Wales terroriser must now grab chance after seven years of waiting and mystery

Keelan Giles of the Ospreys
-Credit: (Image: Huw Evans Picture Agency)

Keelan Giles has been here before, albeit quite a while ago.

The Ospreys wing has done the whole summer tour thing with Wales in 2016 and 2017. The former saw him plucked from the U20s to travel to New Zealand eight years ago, while the latter involved him heading to Samoa.

However, after nearly a decade of overcoming injuries and re-establishing himself after his initial breakthrough, the hope for Giles will be that this latest tour he's about to set off on differs somewhat.

Neither of those initial tours brought Giles a cap. Nor did the autumn campaign in 2016, when Giles was frustratingly left on the bench against Japan.

Back then, it seemed merely a matter of time before a Welsh appearance would come. But this sport is rarely that generous.

The call-up for Giles, first and foremost, is a testament to the hard work the 26-year-old has put in over the years to rediscover the early form of his career - overcoming serious injuries on the way to getting back to terrorising defences and troubling scorers.

"I'm delighted for him," said Ospreys head coach Toby Booth. "It's a good reflection on how our game has expanded from an attacking side because he's on the scoresheet a lot.

"He has great ability to beat people one-on-one, he's a special athlete in that respect. Delighted for him and the work he's been through."

SIGN UP: Get the new exclusive Inside Welsh rugby newsletter for full insight into what's really going on around all the big issues. This special offer will get you full access for the entire year for just £10 instead of £40.

That ability to beat players one-on-one is perhaps what makes his selection so exciting. Giles has crossed for nine tries in 17 matches this season, his best return since that breakthrough 2016/17 campaign, and his finishing prowess is undoubtedly strong.

Whether it was the try from nothing against Sale, the two scores against Cardiff on a drenched Brewery Field surface or the remarkable finish against the Bulls in the corner, the theme is a recurring one; get Giles a bit of space around the edge and he's got the pace and prowess to finish.

But his ability to consistently trouble defences early in phase play has been equally impressive. So often this year, the Ospreys have used him as a first or second receiver in midfield, having him work off his wing.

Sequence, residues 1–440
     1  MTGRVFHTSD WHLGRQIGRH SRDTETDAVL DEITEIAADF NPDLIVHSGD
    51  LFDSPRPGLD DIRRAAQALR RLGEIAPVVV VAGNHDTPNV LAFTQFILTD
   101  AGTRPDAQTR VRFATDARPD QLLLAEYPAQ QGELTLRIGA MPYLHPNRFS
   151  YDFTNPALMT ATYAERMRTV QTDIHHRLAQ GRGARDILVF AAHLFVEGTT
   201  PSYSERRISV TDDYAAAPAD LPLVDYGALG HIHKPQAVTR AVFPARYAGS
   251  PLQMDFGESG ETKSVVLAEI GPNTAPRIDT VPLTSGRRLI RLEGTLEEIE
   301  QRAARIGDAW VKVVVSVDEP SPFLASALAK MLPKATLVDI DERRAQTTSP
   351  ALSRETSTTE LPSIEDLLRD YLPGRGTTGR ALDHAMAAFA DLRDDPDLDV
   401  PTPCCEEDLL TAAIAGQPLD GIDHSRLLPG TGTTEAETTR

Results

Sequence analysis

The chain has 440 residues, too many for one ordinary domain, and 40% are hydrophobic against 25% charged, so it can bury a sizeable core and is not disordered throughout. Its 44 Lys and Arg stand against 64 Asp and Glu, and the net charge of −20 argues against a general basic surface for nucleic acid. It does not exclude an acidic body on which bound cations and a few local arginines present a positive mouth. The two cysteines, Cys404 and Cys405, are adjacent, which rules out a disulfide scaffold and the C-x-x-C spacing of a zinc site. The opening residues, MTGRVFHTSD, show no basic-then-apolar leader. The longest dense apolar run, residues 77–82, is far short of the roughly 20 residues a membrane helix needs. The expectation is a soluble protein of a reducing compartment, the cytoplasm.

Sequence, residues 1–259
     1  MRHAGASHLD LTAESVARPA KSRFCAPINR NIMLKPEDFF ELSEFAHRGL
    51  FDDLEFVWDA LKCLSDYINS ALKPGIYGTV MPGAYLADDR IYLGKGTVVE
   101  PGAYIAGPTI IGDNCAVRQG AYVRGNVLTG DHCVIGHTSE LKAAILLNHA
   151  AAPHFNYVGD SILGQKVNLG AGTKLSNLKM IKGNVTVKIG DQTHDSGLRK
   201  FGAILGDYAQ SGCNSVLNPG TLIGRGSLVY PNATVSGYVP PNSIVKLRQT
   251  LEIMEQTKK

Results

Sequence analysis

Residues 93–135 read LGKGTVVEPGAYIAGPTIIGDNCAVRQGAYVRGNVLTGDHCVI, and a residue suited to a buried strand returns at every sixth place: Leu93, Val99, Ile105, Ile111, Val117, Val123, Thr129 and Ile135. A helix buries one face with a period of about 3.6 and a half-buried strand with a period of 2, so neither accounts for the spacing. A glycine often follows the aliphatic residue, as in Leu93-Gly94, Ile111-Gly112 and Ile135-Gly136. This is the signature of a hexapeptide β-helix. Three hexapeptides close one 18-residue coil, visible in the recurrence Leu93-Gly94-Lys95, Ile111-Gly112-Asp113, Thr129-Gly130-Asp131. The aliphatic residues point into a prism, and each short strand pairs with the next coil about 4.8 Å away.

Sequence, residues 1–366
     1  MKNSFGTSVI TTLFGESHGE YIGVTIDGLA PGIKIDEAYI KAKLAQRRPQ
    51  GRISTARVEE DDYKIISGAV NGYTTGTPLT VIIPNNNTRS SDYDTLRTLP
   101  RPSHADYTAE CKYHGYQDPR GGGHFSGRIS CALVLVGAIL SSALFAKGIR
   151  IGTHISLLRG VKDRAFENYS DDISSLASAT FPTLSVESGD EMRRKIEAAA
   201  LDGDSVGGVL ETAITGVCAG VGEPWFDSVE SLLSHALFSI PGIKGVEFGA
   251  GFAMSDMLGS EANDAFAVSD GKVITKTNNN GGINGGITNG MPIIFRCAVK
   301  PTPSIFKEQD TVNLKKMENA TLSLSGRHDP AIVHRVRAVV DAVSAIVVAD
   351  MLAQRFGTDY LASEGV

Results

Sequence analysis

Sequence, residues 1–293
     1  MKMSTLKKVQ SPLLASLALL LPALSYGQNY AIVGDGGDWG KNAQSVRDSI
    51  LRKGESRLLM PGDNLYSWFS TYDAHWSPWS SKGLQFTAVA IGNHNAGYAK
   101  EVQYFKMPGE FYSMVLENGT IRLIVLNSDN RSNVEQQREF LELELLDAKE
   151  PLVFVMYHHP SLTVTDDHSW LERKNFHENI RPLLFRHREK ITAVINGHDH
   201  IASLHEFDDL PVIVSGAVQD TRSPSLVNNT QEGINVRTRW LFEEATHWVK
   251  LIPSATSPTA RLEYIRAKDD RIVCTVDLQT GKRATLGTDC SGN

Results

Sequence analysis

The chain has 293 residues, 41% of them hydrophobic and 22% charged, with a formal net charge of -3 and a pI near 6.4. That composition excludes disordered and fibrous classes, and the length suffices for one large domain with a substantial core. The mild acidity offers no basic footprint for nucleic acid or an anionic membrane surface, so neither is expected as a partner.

His footwork and ability to break to the outside shoulder of a defender allows them to get on the front foot when targeting front-five forwards. He's also got a decent skillset, with his team-mates occasionally having run loop lines outside Giles as the wing steps back inside - backing him to give the no-look pass.

In the win over the Stormers in Cape Town, both Owen Watkin and Max Nagy were put into space by Giles doing exactly that.

All these are things Giles can use to establish himself on the Test scene. Certainly, Wales have struggled to generate go-forward at times since Warren Gatland returned to the role, with the Wales coach occasionally going back to his well-trodden ideal of wingers doing the carrying early on in phase play.

Last year's Six Nations saw Rio Dyer picking-and-going from the first breakdown after a lineout, while both he and Josh Adams have been called upon to truck it up. Giles' footwork could well be another way to manipulate the gainline.

Of course, Giles isn't the only wing in the squad. With Adams having a summer off, there's Dyer, Josh Hathaway and potentially Liam Williams. Dyer and Williams would bring the aerial ability that is seen as key for Test wingers these days, while Hathaway is certainly seen as one for the future - even if his own aerial game isn't as good as others.

But, Giles knows only too well that he won't be guaranteed a cap on this tour - even with three Tests and a further match against the Queensland Reds. In 2017, 12 uncapped players, including Giles, toured. The other 11 all came back with a cap.

The insistence of Gatland to shoehorn another unavailable winger into an answer about Giles earlier in the week doesn't exactly bode too well.

"For Keelan, he has been consistent with the Ospreys and he is an experienced player now," said Gatland on Monday. "It was unfortunate that Theo Cabango got injured at the weekend because he was another option for us on the wing.

"That hamstring ruled him out of potentially being selected."

It wouldn't be a stretch to suggest he would have been ahead of Giles in the pecking order, based on those comments. But, so long after last being within touching distance of an elusive cap, Giles is there on merit - regardless of injuries to anyone else.

The delightfully balanced runner will know that opportunities will be difficult to earn in the coming weeks, particularly if Giles and the Ospreys do well in the URC playoffs - which would rob him of a chance against the Springboks.

Of course, if you offered him the choice, you'd imagine Giles would take a crack at silverware all day long. All he can do is, when he's with Wales, take every opportunity afforded to him. You'd hope that would be enough this time around.

Back in 2017, the lack of a cap brought about confusion. When asked about Giles' absence from the Test team, the head coach for that tour, Robin McBryde said, "I can't answer that now. That's something else, that is."

So, a bit of a mystery. But, nearly a decade on, Giles will know exactly what he has to do.

He's been here before. This time, though, he'll be hoping for a different outcome.